Firstly, SDMs are often suffering from high stress levels created by the sudden admission of a loved one to the ICU. They may be anxious and afraid of losing someone close to them, and they can find the ICU environment frightening. Information overload is often a problem, since they are continually receiving updates of their loved-one’s state of health, usually on medical problems of which they have little understanding. They may be overwhelmed by the circumstances and their emotions, and thus unlikely to be able to think clearly enough about the pros and cons of research participation. High stress levels among family members have previously been reported, and up to two thirds of family members of patients hospitalized in the ICU may suffer anxiety or depression (19-21). This has led certain authors to posit that this emotional suffering should be taken into consideration when asking family members to make important health decisions for their loved one, since their emotional suffering may impair their understanding, or their capacity to evaluate the benefits and risks associated with the proposed research (21). It has also been shown that these conditions of stress are among the predominant reasons why SDM refuse to assent to research on behalf of their loved one (22,23).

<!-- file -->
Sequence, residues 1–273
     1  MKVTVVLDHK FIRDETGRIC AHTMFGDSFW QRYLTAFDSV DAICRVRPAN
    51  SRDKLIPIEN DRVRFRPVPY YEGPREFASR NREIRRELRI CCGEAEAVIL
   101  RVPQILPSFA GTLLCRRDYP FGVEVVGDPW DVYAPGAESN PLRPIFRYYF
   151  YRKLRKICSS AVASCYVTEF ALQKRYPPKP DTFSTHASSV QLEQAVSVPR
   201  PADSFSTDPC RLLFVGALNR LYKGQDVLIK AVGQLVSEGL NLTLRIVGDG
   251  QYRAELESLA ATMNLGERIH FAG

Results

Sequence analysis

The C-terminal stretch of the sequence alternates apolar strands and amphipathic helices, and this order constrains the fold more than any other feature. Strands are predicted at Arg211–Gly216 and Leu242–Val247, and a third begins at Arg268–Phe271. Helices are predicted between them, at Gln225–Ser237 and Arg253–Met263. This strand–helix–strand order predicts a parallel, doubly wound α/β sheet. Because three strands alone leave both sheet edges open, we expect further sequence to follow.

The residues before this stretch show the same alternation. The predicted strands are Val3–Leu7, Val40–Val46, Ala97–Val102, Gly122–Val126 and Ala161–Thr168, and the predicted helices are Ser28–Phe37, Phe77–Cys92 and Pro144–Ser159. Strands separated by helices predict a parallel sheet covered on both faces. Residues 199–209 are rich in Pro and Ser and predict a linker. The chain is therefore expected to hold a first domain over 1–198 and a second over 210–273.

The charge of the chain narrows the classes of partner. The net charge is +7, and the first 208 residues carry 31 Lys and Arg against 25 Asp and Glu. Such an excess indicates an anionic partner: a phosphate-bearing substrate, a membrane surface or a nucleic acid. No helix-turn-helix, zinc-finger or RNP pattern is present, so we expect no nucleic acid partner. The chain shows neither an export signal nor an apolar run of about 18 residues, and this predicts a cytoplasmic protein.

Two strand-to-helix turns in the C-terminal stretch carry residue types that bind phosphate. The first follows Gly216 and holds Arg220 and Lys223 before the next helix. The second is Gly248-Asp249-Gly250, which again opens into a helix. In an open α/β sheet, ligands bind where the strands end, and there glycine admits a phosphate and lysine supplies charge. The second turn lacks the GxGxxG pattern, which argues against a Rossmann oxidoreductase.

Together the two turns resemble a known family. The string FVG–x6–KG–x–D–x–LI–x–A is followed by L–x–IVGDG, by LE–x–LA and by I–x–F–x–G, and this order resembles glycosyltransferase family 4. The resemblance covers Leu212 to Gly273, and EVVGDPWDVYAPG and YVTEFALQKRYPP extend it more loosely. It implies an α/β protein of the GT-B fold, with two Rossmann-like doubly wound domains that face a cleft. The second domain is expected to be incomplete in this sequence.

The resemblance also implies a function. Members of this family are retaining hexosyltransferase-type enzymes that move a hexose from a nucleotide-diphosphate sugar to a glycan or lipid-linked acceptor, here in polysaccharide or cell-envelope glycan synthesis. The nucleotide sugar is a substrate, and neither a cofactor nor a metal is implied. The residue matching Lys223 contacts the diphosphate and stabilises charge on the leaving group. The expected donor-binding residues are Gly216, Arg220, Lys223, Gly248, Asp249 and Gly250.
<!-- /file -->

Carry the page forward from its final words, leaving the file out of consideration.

A further difficulty in obtaining assent from SDMs can even be the identification of the person who is best placed to act as surrogate. Indeed, procedures exist in many countries for naming a designated official surrogate, such as by delegating official power of attorney for healthcare, or by enshrining one’s desires in the form of written advance directives, which represent a “living will” specifying the types of life-sustaining procedures and treatments one would like to have (or not) in case of decisional incapacity. However, the proportion of patients who have established advance directives is low, ranging from 26.3% in one study of 7,946 US adults participating in a health survey designed to be representative of the US population (24), to 42.4% in a study of 450 critically ill older adults requiring mechanical ventilation and admitted to the ICU (25), although recent evidence suggests that the rate of prevalence of advance directives is on the rise (26,27). Nonetheless, when no official surrogate has been designated by the patient, the care-giving team in the ICU may have difficulty identifying a suitable person in the patient’s entourage with whom to interact, or from whom to request consent for research, for example. Indeed, choosing the spouse, which is often the default position, may not be the most suitable choice in the patient’s view (28,29). Several characteristics among the persons attending the patient may help the physicians and ICU staff to identify the most suitable surrogate, such as knowledge of the patient’s wishes, the nature of their bond with the patient, and an adequate level of understanding (30).